Telepathy is the ability to transfer thoughts or feelings from the mind of one individual to that of another (or between groups of people), without using the ordinary five senses. If you were telepathic, you would be able to read someone else's mind. Telepathy serves as a means of communication when information is prevented from other methods of travel due to physical obstacles, distance, or time.
Telepathy was formerly termed, "thought-transference," until Frederick W. H. Myers renamed it in 1882. Genuine telepathy differs from acts of mentalism in that no trick or illusion is necessary to produce results. However, skeptics are still doubtful of the existence of genuine telepathic abilities, especially given that no experiment has produced continually verifiable results time after time.
Various testing methods have been implemented to check for telepathic abilities in individuals. Among them are the Zener card test and the Ganzfeld experiment. Zener cards have special symbols on them, and while one subject looks at a card, the other tries to telepathically receive the symbol, which is unknown to them. The Ganzfeld experiment requires someone receiving information to maintain total sensory deprivation, while the other transmits from a separate location.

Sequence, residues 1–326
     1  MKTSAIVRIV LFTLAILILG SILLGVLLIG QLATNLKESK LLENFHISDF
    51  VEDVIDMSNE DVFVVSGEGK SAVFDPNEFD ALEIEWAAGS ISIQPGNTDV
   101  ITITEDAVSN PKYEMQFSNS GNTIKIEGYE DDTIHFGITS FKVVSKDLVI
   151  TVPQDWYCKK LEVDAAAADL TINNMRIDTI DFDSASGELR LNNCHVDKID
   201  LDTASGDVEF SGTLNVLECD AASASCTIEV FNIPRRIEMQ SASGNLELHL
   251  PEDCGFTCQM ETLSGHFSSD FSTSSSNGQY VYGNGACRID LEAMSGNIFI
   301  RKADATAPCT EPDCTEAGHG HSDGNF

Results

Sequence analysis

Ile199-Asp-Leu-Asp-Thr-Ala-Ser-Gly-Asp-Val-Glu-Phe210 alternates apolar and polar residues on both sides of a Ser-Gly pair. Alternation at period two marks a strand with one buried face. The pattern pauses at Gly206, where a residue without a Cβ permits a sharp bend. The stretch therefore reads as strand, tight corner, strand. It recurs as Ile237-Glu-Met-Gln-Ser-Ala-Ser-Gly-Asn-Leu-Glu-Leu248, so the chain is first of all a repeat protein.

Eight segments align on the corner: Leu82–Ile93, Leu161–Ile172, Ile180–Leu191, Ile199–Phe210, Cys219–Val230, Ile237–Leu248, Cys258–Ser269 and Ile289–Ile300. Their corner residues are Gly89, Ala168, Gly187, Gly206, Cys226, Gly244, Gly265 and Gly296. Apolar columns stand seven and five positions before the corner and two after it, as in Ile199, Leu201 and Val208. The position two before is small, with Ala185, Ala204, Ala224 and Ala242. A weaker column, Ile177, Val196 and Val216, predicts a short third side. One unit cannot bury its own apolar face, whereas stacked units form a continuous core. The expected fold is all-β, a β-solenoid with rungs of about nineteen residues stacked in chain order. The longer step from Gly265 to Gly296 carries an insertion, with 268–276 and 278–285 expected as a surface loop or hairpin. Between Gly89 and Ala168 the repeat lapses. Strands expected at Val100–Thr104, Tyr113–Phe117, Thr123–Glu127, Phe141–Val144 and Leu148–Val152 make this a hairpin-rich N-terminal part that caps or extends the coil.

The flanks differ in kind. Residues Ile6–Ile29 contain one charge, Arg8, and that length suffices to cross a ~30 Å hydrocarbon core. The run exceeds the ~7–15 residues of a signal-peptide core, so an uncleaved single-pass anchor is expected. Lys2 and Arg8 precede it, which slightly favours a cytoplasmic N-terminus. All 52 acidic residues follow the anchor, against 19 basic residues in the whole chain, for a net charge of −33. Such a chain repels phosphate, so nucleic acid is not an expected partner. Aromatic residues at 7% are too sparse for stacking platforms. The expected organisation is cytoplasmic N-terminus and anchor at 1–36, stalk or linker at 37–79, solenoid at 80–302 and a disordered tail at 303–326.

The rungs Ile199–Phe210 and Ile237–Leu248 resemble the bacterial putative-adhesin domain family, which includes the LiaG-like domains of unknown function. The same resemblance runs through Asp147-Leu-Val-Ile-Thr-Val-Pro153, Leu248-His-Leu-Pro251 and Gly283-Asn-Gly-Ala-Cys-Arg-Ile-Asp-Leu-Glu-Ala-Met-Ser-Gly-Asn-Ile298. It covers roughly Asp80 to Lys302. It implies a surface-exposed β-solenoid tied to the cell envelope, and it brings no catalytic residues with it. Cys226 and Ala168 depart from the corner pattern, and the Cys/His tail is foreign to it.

Two specific classes of telepathy focus on the amount of time between the information's point of origin and its receipt by a telepath. Latent telepathy, formerly "deferred telepathy," entails a delay between the points at which information is sent and received. Precognitive telepathy, on the other hand, covers cases in which the telepath receives information from the sender's future mind. Essentially, a precognitive telepath would know what you were going to think before you thought it.
One form of telepathy that is actively being "created" is cyber-telepathy, which has come to be called "techlepathy." Techlepathy is telepathy brought about through technological means, in which humans can connect to computers and to each other. Some people truly believe that humanity will someday be connected in just such a way.